end type tp2
    
    contains

        subroutine output (var,unit,iostat,iomsg)
            implicit none

            class(tp2),  intent(in)    :: var
            integer,     intent(in)    :: unit
            integer,     intent(out)   :: iostat
            character(*),intent(inout) :: iomsg

            write(unit, IOSTAT=iostat, IOMSG=iomsg) var % t

        end subroutine output

end module test2

program main
    use test2, only: tp2
    implicit none
    
    type(tp2) :: s
    
    write(*,*) s

end program main

tp1 has a generic unformatted output binding( write(unformatted) ), it refers to the public binding procedure(unformattedwrite) which is deferred and implemented concreate in the extended type tp2. Note tp1 and tp2 both have the unforamttedwrite procedure PUBLIC. If this is correct, tp2 should have inherited the generic binding from tp1 and output an instance of tp2 should be OK. but the compile time error message says:

error #5521: A derived-type object in an input/output list cannot have inaccessible components unless a suitable user-defined input/output procedure is available.

Is the generic binding not inherited or something else ?

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Black Belt
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The list directed write statement in the main program is a formatted write statement.  The provided binding is only for unformatted writes.

("Formatted" means "formatted so humans can read it".  The format specification for the list directed write statement is `*`.  An unformatted write statement has no format specification, and produces "binary stuff" in the file that is generally not considered human readable.)

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Try:

write(*,'(DT)') s

Jim Dempsey

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Honored Contributor I
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jimdempseyatthecove wrote:

Try:

write(*,'(DT)') s

Jim Dempsey

Jim,

What IanH in his own inimitable, cryptic style was informing the OP was to include a defined output procedure binding for WRITE(FORMATTED) that is missing in the derived type shown in Quote #10 and which will be needed whether it is "write(*,*) s" or "write(*,'(dt)') s" statements.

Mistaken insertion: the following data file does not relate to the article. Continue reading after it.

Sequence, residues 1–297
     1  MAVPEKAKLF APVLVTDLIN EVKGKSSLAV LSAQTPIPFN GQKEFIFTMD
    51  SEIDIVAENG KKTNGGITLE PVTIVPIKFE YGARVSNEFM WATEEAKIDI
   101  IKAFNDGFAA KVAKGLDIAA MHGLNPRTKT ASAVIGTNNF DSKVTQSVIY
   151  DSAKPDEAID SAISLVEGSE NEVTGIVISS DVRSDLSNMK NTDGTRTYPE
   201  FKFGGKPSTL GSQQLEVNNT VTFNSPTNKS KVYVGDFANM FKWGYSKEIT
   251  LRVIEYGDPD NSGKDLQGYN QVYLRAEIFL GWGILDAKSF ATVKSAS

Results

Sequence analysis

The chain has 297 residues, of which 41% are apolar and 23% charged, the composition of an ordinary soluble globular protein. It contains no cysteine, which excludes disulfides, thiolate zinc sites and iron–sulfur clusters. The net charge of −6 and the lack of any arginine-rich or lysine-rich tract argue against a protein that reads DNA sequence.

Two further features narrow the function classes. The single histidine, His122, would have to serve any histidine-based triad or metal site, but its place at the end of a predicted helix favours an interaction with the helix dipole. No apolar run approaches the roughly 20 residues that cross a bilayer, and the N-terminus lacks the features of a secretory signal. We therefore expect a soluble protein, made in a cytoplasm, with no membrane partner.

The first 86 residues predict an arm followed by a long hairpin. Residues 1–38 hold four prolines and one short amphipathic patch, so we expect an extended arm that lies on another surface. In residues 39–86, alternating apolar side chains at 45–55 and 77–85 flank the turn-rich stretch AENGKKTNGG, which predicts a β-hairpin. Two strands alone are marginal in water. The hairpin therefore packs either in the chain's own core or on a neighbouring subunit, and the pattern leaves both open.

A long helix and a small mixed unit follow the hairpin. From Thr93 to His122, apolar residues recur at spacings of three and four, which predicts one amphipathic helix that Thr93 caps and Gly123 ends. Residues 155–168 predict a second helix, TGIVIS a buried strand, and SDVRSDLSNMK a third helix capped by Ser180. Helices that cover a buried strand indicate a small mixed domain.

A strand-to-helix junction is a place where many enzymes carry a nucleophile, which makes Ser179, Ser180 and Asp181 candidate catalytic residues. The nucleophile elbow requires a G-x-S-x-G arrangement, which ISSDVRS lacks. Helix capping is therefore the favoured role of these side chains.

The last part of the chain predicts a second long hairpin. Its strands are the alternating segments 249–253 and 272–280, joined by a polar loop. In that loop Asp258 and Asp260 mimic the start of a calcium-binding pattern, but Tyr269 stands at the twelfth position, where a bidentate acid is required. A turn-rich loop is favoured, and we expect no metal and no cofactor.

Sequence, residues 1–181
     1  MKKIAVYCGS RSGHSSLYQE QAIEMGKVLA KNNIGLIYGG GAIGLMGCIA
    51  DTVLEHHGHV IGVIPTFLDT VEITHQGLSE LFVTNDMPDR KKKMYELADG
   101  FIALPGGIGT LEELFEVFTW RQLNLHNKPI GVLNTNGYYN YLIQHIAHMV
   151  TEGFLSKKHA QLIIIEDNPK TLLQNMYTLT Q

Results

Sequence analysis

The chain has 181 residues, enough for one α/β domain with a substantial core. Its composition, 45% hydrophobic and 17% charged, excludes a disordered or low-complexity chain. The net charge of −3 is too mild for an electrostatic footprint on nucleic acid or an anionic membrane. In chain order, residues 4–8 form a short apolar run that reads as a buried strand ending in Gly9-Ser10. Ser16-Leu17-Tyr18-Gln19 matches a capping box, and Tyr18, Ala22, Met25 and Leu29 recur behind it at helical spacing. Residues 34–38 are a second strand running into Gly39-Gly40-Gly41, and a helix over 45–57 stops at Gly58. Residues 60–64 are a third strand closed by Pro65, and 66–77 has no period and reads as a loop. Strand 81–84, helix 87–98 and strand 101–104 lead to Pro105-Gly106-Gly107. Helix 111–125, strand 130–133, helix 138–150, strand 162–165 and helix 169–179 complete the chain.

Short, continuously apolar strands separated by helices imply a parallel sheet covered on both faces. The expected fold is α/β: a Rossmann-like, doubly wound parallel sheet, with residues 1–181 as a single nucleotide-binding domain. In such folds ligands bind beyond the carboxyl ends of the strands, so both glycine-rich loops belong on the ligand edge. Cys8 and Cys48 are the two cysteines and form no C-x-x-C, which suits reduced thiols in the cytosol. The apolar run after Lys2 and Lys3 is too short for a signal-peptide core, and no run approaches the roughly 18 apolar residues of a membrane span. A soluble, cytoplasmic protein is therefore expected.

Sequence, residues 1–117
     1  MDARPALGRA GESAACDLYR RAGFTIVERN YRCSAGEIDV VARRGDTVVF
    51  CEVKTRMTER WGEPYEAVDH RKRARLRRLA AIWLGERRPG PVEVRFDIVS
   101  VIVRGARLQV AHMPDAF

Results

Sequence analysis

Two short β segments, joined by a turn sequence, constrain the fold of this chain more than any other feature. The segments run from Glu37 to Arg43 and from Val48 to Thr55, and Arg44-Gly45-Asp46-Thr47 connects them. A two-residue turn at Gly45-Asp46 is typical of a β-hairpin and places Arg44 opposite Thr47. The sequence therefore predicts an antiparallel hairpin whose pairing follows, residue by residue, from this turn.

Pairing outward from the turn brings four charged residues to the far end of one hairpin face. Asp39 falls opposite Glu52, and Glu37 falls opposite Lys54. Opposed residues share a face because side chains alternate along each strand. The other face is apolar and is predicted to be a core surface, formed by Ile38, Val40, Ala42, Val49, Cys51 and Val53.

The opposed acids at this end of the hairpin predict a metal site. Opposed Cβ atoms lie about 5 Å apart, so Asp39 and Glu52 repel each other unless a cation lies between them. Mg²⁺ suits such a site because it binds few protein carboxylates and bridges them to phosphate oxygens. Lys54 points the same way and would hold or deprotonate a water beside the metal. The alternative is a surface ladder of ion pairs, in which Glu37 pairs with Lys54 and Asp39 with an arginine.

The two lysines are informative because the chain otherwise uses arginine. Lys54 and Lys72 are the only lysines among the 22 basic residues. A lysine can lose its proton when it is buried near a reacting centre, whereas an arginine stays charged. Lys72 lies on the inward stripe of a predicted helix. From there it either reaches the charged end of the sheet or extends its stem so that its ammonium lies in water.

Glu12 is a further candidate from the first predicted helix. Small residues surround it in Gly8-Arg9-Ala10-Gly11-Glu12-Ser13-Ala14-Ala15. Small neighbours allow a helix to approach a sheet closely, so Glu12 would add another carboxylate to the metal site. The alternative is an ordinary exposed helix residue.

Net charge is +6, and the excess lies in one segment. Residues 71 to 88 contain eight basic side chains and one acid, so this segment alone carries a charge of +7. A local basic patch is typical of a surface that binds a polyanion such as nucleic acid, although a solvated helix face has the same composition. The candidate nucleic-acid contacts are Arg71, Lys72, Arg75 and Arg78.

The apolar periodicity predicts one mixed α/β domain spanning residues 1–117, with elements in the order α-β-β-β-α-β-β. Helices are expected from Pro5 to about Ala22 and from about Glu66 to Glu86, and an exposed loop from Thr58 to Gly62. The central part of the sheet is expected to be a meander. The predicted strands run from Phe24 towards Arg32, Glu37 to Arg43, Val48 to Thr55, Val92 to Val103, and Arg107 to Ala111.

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New Contributor I
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Thanks lanH, Jim and FortranFan. I see the clerical mistake. I then implemented all the input/output procedures in case of failure, show as below:

module test1
    implicit none
    
    private
    public :: tp1
    
    type, abstract :: tp1
        private
        ! <nothing.>
    contains
        private
        generic,                      public                 :: read(formatted)    => formattedread
        procedure(iformattedread),    public, pass, deferred ::                       formattedread
        
        generic,                      public                 :: read(unformatted)  => unformattedread
        procedure(iunformattedread),  public, pass, deferred ::                       unformattedread
                                                        
        generic,                      public                 :: write(formatted)   => formattedwrite
        procedure(iformattedwrite),   public, pass, deferred ::                       formattedwrite

        generic,                      public                 :: write(unformatted) => unformattedwrite
        procedure(iunformattedwrite), public, pass, deferred ::                       unformattedwrite
    end type tp1

    abstract interface

        subroutine iformattedread(var, unit, iotype, list, iostat, iomsg)
            import tp1
            class(tp1),                 intent(inout) :: var
            integer,                    intent(in)    :: unit
            character(*),               intent(in)    :: iotype
            integer,      dimension(:), intent(in)    :: list
            integer,                    intent(out)   :: iostat
            character(*),               intent(inout) :: iomsg
        end subroutine iformattedread

        subroutine iunformattedread(var, unit, iostat, iomsg)
            import tp1
            class(tp1),   intent(inout) :: var
            integer,      intent(in)    :: unit
            integer,      intent(out)   :: iostat
            character(*), intent(inout) :: iomsg
        end subroutine iunformattedread

        subroutine iformattedwrite(var, unit, iotype, list, iostat, iomsg)
            import tp1
            class(tp1),                 intent(in)    :: var
            integer,                    intent(in)    :: unit
            character(*),               intent(in)    :: iotype
            integer,      dimension(:), intent(in)    :: list
            integer,                    intent(out)   :: iostat
            character(*),               intent(inout) :: iomsg
        end subroutine iformattedwrite